Tuesday, 18 January 2011

FDA to Limit Acetaminophen in Pain-Killers

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The U.S. Food and Drug Administration announced yesterday that it will limit the active pain-reducing ingredient in the pain medications Percocet and Vicodin.

FDA officials indicated that they would order drug manufacturers to reduce the amount of acetaminophen to 325 milligrams per tablet or dosage unit in pain medications such as Percocet or Tylox, which are a combination of acetaminophen and the opiate-derived oxycodone, and Vicodin or Lortab, a combination of acetaminophen and hydrocodone.

The announcement comes as the latest attack waged on chronic pain sufferers by the FDA, Drug Enforcement Agency (DEA), and other regulatory agencies which are attempting to take an even greater role in controlling which medications, procedures, and medical services are available to patients.

Within a three-year period, the FDA plans to completely phase out what it deems “high-dose” prescription medications containing acetaminophen. Sandra Kweder, M.D., deputy director of the Office of New Drugs in the FDA’s Center for Drug Evaluation and Research (CDER), asserted:

FDA is taking this action to make prescription combination pain medications containing acetaminophen safer for patients to use.

Overdose[s] from prescription combination products containing acetaminophen account for nearly half of all cases of acetaminophen-related liver failure in the United States; many of which result in liver transplant or death.

The FDA claims that these latest efforts are necessary in order to “protect” the public against the possible side effects of these medications, such as liver damage. However, a side effect as dramatic as liver damage typically occurs only after prolonged use of acetaminophen-containing products (including over-the-counter Tylenol), especially when combined with alcohol, or when multiple acetaminophen-containing products are taken at the same time.

Research also suggests that many reported cases of acetaminophen overdose-related liver damage may not be the result of accidental overdoses, but instead, suicide attempts. In a study that included all patients admitted to an inner city hospital over a 39-month period for acetaminophen overdoses, the number of suicide attempts exceeded the accidental cases by nearly three-fold.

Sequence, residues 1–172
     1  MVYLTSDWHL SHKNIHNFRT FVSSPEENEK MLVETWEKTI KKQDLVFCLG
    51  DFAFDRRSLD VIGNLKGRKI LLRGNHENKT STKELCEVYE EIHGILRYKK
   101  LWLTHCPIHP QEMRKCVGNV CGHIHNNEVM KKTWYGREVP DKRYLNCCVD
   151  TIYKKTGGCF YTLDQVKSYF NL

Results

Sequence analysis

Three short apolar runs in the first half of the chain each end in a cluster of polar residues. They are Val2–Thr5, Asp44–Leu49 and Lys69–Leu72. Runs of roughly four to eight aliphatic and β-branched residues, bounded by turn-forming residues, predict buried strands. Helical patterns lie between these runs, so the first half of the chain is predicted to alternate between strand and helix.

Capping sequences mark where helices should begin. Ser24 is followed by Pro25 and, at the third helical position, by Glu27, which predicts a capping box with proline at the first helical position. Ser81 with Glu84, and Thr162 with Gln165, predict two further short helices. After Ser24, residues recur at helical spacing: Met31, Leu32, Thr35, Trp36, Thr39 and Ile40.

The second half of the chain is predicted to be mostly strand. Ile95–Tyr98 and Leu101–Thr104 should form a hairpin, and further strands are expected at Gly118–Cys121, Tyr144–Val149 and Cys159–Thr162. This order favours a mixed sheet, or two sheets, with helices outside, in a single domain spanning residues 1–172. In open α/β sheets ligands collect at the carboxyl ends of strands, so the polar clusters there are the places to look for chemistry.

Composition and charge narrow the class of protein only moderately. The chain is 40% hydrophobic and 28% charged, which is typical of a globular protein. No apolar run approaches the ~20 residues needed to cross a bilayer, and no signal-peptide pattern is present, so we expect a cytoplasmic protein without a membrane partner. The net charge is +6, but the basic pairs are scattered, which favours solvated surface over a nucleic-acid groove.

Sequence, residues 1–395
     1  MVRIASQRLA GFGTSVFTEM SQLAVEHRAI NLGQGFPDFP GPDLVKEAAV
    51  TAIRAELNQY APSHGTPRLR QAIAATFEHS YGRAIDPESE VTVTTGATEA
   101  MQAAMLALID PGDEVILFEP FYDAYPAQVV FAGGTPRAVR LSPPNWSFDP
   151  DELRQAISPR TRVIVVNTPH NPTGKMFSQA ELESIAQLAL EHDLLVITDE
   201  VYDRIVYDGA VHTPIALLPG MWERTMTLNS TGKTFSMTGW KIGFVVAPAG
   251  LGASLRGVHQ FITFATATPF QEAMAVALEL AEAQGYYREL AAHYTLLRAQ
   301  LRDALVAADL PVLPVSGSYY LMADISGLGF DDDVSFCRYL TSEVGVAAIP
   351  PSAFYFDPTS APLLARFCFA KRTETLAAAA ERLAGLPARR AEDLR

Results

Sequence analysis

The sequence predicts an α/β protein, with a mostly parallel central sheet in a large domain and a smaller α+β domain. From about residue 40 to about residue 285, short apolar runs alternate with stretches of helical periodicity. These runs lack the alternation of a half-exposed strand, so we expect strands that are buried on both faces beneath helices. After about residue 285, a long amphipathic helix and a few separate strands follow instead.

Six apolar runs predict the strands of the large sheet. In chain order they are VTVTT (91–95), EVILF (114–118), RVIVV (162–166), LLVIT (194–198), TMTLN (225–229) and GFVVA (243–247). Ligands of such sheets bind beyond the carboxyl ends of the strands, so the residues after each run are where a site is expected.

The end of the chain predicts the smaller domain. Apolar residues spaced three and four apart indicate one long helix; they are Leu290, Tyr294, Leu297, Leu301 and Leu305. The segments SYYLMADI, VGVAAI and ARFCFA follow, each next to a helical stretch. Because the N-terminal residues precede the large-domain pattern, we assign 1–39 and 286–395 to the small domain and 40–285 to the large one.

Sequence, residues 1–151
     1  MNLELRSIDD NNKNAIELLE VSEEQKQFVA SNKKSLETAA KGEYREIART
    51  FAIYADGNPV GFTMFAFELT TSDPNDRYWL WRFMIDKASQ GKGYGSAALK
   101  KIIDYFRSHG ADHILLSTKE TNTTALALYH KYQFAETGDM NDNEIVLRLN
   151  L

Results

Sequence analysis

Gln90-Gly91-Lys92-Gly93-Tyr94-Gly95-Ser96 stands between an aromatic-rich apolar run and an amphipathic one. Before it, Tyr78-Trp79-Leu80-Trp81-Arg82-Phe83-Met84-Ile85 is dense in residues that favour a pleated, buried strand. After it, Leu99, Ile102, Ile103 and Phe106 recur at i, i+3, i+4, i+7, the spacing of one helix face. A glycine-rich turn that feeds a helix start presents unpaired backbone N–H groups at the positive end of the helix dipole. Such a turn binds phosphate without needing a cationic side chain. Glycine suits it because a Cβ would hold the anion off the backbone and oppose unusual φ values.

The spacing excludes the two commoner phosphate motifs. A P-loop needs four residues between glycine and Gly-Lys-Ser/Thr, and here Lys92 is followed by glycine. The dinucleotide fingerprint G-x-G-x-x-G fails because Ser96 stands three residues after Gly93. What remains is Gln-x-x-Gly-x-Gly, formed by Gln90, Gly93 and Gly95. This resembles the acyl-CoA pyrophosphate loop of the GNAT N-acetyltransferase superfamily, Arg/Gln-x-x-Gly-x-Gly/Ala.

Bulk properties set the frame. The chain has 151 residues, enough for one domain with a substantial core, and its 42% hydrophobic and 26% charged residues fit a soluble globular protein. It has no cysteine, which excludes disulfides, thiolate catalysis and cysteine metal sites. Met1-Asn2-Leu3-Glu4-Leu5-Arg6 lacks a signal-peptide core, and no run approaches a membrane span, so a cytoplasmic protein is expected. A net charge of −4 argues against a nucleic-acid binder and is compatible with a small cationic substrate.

The research (Acetaminophen Toxicity in an Urban County Hospital), published in the New England Journal of Medicine (Volume 337: 1112-1118), by Dr. Frank V. Schiedt, also found that the suicidal patients ingested almost twice as much acetaminophen as those in the accidental-overdose group, and that those who accidentally overdosed on acetaminophen showed greater levels of liver necrosis (i.e., sustained liver failure), possibly due to concomitant alcohol abuse.

Research (and common sense) also indicates that severe liver injury generally results only when individuals misuse acetaminophen-containing prescriptions or over-the-counter drugs. Such misuse often entails either their taking more than the prescribed dose of an acetaminophen-containing product in a 24-hour period, taking more than one acetaminophen-containing product at the same time, or drinking alcohol while taking the drug.

The FDA requirements, which seek to include mandatory labeling on prescriptions alerting patients to the possible risk of liver damage, do not consider these broader circumstances.

The federal government is once again unnecessarily intruding upon the sanctity of the patient-doctor relationship — contrary to the fundamental Lockean notion that the individual is the effective owner of his body, and has the right to determine what he will do with it (while acknowledging that God, as Creator, is ultimately in control of the body — and prohibits individuals from doing anything contrary to self-preservation, according  to John Locke’s Second Treatise on Government).

Even more ominous was the FDA’s recommendation in July of 2009 that these prescription medications be phased out completely. An FDA panel voted 20-17 last summer to eliminate Percocet, Vicodin, and Lortab, claiming that “their role in deadly overdoses” was sufficient grounds for declaring a ban on them.

In response to the earlier proposed ban, the New York Times reported that Johnson & Johnson released a statement saying it “strongly disagrees” with the proposed restrictions on acetaminophen, adding that such limits would be likely to “lead to more serious adverse events as consumers shift to other over-the-counter products” such as Advil and aspirin.

Linda A. Suydam, president of the Consumer Healthcare Products Association, said the committee had ignored studies showing that doses sold by her members — two pills of 500 milligrams, up to four times a day — were safe. “I think this is a very effective dose and one needed for individuals who experience chronic pain,” she added.

Many doctors also believe that efforts at limiting acetaminophen dosages or banning medications such as Vicodin and Percocet are irresponsible and ill-informed. According to Dr. Sean Mackey, Chief of Pain Management at Stanford University Medical Center, these FDA restrictions will only place more burdens on health care providers and patients. He notes, “More people will be suffering from pain" ... and "more people will be seeing their doctors more frequently and running up health care costs."